Though the statutes that define battery will differ by jurisdiction, a classic battery definition is the intentional harmful or offensive touching of another individual without their consent. And under this definition, a battery offense involves the following:

  • deliberate touching;
  • the touching should be offensive or harmful;
  • nonconsensual from the victim.

Intent Requirement

It may be surprising that a battery usually doesn’t involve any intent to injure the victim (though such intent frequently exists in battery lawsuits). Instead, an individual only needs intent to cause contact or contact with a person.

In addition to that, if somebody acts in a negligent or criminally reckless manner that causes such contact, it could make up an assault. Therefore, accidentally bumping into somebody, offensive as the injured party might think it to be, wouldn’t make up a battery.

assault victim

Act Requirement

The criminal act necessary for battery comes down to a harmful or offensive contact. This act can range from the apparent battery where a bodily attack (kick or punch) is involved, to even slight contact in a few cases. In general, a victim doesn’t have to be harmed or injured for a battery to have taken place, providing an offensive contact took place.

In a common case, spitting on a person does not physically harm them, but it, however, can make up offensive contact enough for a battery. Whether a specific contact is deemed as offensive is typically assessed from the viewpoint of the “ordinary individual.”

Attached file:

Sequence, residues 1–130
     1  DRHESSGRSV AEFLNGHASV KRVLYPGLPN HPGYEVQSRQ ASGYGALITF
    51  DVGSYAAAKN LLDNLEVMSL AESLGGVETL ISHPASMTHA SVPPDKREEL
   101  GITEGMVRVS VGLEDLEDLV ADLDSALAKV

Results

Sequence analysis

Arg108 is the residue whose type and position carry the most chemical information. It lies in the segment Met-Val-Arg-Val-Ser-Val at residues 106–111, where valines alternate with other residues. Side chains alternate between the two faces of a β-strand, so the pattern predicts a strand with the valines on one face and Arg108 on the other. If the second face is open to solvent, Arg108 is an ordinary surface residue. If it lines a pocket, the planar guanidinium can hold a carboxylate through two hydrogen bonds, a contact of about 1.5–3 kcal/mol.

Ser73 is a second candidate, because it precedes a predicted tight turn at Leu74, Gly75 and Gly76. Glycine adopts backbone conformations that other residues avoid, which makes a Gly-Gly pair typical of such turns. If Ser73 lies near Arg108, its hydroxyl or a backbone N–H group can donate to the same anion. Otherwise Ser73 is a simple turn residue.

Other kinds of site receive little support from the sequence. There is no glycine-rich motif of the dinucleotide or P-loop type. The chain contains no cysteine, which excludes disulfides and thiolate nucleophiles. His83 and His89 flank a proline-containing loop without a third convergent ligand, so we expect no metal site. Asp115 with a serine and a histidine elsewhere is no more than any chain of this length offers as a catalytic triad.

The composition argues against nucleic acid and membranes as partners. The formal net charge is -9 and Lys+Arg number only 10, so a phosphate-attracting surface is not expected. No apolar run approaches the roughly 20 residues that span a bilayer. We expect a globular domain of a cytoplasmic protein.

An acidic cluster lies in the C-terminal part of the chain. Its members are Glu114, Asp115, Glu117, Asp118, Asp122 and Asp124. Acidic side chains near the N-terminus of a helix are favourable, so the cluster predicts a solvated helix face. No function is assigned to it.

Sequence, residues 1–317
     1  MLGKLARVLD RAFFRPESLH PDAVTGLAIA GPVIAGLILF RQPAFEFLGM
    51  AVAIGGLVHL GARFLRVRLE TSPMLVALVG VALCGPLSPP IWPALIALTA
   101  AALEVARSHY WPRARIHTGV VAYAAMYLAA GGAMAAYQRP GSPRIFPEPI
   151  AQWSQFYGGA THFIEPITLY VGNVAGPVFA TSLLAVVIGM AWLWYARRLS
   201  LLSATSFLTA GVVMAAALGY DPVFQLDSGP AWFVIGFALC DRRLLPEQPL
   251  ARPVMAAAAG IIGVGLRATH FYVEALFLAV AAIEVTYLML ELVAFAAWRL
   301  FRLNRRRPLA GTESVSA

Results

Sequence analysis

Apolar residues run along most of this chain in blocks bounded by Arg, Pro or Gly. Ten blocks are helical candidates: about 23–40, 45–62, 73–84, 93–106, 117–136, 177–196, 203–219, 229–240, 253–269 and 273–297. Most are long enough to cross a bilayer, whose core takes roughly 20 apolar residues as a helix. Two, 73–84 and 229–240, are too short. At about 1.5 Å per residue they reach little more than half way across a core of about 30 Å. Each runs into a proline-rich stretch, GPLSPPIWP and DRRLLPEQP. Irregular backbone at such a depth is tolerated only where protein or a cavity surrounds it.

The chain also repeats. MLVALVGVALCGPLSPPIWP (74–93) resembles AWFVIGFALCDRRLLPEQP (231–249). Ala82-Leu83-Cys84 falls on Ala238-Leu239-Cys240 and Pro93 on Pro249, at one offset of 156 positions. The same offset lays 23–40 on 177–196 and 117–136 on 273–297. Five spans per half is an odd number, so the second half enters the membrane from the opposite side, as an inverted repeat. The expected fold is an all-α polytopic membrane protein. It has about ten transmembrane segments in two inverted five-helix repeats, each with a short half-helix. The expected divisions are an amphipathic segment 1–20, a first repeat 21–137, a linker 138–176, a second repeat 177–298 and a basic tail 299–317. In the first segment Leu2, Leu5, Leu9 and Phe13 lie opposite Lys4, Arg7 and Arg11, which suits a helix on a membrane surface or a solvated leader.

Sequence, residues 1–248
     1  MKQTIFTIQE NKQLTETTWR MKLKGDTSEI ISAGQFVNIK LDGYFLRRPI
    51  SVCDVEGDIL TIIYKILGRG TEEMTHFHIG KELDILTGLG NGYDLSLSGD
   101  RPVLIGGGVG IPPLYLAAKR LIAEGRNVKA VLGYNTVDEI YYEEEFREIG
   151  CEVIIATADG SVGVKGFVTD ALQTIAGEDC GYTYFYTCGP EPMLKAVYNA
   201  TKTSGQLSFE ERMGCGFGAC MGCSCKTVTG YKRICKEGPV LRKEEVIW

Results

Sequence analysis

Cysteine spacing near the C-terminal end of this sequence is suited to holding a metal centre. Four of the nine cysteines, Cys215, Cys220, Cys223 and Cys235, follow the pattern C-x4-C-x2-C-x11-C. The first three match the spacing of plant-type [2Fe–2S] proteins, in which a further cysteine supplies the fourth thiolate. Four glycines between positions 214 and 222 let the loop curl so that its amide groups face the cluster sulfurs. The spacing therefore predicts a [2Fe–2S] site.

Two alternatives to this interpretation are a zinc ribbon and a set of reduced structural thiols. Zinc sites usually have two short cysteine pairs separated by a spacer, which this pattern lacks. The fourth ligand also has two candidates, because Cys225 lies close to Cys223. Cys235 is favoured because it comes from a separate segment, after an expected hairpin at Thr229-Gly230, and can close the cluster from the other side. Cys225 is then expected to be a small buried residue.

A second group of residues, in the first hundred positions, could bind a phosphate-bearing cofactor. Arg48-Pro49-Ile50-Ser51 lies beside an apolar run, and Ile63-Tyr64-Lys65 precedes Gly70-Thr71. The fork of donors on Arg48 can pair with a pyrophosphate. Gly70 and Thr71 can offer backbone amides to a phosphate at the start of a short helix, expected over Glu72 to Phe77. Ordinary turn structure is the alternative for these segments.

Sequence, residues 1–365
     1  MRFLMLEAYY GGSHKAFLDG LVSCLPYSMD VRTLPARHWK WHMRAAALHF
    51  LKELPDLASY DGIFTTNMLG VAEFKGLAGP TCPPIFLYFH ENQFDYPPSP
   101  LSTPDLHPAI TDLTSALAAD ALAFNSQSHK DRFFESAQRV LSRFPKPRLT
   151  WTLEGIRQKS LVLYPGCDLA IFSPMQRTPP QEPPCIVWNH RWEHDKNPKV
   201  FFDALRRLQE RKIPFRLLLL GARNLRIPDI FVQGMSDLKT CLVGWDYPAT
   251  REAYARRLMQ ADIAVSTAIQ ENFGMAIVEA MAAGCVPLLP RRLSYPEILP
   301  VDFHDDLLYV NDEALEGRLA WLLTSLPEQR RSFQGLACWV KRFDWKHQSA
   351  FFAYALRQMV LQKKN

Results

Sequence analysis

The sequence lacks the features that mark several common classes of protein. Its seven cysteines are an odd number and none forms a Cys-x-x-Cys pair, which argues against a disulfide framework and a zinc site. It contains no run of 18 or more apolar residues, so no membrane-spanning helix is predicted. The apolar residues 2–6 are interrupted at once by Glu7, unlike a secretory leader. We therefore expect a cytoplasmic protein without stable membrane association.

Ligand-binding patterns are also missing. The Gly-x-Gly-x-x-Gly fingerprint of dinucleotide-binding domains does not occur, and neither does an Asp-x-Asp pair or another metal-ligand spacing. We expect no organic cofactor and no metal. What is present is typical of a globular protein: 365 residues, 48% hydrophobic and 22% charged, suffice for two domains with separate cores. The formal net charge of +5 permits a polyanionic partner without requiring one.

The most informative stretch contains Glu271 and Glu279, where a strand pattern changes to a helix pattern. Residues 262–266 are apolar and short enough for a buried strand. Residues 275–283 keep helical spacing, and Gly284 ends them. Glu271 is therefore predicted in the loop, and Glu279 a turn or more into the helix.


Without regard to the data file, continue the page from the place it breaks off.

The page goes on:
Personal Injury Claims for Assault and Battery by All Law offers us more information regarding the difference between Offensive and Harmful Contact, which is key consideration in a claim. Here’s an excerpt:

“The contact is “harmful” if it in any way alters the physical condition or structure of the plaintiff’s body, even if it does not cause pain. For example, if the defendant grabs the plaintiff’s arm or shoves him, but does not actually cause the plaintiff any pain, the plaintiff may still sue for battery. However, a “harmful” contact could also be something more serious, for example putting a dangerous substance in food that the plaintiff subsequently eats.

“An “offensive” contact is one that is offensive to a reasonable sense of personal dignity. “Dignity” in this legal sense is a broad phrase encompassing other emotions such as insult, fright, disgust, embarrassment or humiliation. Whether a plaintiff was reacting reasonably when he or she experienced any of these emotions as a result of the defendant’s contact is typically a question for the judge or jury.”

Assault and Battery as Personal Injury Claims by Nolo even further offers us more info about defenses in assault and battery cases. Here are examples from the article:

“Consent. A defendant might say that the victim agreed to the possibility of being hurt. This defense arises most often in intentional tort lawsuits in cases involving contact sports, paintball-style games, and similar activities. A plaintiff who files a lawsuit in these cases may have a hard time winning if he or she consented to certain physical contact — getting hit in a game of football, for example — even if the contact ended up causing harm.

“Privilege. A police officer who used force while arresting someone might try to assert the defense of privilege. For example, if a police officer injured someone while making an arrest, a lawsuit for assault and battery probably won’t be successful as long as the officer used a reasonable and appropriate amount of physical force while making the arrest.”

Learn more about assault and battery as well as their elements in